You can play with various scenarios in our COVID-19 Pandemic Trade-offs tool, launched two weeks ago. What you’ll find is that until most adults in Australia are vaccinated, any loosening up of how we respond to the virus incursion is unwise. If contact tracing cannot mop up the inevitable incursions, we’ll still need to use social restrictions, including lockdowns, until the vaccination rollout is complete.

But we can probably think about inching forward to some increased risk once all over-50s are vaccinated (phase 2A), with some modest relaxation of the border. Yet we can never totally escape the risk of outbreaks.

So what can we do now with borders?

First, continue with the Trans-Tasman bubble.




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A quarantine-free trans-Tasman bubble opens on April 19, but ‘flyer beware’ remains the reality of pandemic travel


Second, remove or greatly reduce quarantine for vaccinated travellers from many East Asian countries, which present a low risk to Australia. As an example, the average number of known active infectious people in China at any point in time recently is about 250. Let’s assume this equates to about 100 unknown infections at any point in time (that is, people who are not yet symptomatic or detected). For a population of 1.4 billion, that’s a 0.000007% risk of any person in China being infected.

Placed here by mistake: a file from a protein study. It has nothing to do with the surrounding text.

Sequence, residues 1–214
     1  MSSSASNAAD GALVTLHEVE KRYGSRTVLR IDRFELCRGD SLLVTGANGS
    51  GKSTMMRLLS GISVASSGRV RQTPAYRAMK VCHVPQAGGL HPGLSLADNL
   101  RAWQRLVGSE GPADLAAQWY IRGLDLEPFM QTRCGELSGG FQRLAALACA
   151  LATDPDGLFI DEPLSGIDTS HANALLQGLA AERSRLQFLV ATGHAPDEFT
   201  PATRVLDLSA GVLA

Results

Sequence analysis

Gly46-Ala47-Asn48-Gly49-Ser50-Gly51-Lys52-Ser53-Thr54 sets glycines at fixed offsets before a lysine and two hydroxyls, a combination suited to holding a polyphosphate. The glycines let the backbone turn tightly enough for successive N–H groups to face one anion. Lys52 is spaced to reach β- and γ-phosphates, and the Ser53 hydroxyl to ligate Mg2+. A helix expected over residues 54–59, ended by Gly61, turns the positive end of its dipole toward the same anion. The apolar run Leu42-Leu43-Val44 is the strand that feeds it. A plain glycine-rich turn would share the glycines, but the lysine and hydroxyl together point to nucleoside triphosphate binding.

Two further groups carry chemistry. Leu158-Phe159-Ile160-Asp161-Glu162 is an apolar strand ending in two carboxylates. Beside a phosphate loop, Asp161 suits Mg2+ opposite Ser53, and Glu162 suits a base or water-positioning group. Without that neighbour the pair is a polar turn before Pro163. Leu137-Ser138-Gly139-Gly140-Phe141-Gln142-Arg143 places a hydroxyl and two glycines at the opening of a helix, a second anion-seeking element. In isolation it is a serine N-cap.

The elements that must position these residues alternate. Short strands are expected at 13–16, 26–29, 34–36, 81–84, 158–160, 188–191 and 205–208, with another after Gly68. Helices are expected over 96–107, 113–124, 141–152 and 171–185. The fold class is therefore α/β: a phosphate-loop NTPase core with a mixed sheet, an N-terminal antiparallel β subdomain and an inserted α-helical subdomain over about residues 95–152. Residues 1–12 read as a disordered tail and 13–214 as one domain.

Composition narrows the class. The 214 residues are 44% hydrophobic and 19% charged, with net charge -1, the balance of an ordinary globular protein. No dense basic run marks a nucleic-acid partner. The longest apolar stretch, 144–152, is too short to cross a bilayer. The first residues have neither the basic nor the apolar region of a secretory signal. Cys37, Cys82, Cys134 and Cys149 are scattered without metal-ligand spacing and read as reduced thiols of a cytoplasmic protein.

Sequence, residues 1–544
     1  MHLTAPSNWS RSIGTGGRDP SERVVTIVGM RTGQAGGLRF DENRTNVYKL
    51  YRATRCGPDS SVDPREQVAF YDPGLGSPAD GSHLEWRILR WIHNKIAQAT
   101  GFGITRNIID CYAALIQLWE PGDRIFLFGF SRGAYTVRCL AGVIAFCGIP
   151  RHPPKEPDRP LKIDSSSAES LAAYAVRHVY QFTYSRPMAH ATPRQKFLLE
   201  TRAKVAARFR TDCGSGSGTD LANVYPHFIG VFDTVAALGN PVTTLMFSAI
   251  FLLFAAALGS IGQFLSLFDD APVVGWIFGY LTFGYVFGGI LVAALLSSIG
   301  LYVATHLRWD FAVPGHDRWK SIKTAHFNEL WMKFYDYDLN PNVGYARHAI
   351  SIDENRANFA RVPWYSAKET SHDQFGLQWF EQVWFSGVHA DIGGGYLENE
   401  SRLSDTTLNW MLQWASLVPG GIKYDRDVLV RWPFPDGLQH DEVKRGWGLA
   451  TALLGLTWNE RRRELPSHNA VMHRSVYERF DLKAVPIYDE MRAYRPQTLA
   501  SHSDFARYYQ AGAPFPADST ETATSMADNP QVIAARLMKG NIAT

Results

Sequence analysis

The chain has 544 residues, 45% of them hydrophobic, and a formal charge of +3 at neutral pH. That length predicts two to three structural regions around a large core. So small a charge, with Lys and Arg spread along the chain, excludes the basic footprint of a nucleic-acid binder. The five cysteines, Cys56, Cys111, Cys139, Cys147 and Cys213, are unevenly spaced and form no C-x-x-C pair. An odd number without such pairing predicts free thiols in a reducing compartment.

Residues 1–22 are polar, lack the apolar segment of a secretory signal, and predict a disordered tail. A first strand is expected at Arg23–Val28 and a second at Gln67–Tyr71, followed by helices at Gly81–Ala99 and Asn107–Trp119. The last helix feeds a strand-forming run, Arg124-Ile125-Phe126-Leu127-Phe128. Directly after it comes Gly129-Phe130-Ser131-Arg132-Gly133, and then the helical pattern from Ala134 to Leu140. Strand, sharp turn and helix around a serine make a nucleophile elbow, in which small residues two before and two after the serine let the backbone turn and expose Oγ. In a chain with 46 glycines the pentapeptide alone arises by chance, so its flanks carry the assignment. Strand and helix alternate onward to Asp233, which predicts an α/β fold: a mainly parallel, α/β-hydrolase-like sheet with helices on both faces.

This suggests that for 10,000 vaccinated arrivals from China per month with modified quarantine, the expected number of infected people unwittingly getting out into the Australian population per month is 0.000014. Or, put another way, our above UK example presents 70,000 times the risk of an arrival from China. Given such low risk, it’s hard to justify why university students from China cannot start in time for semester two this year if they’re vaccinated and going into some form of modified quarantine.

Third, we need a national framework to assess the risk. Focusing on one measure alone isn’t wise — you have to look at the whole system. Such a framework can be developed now, at the same time as setting our risk thresholds so policy-makers, airlines and other industries can start planning.The Conversation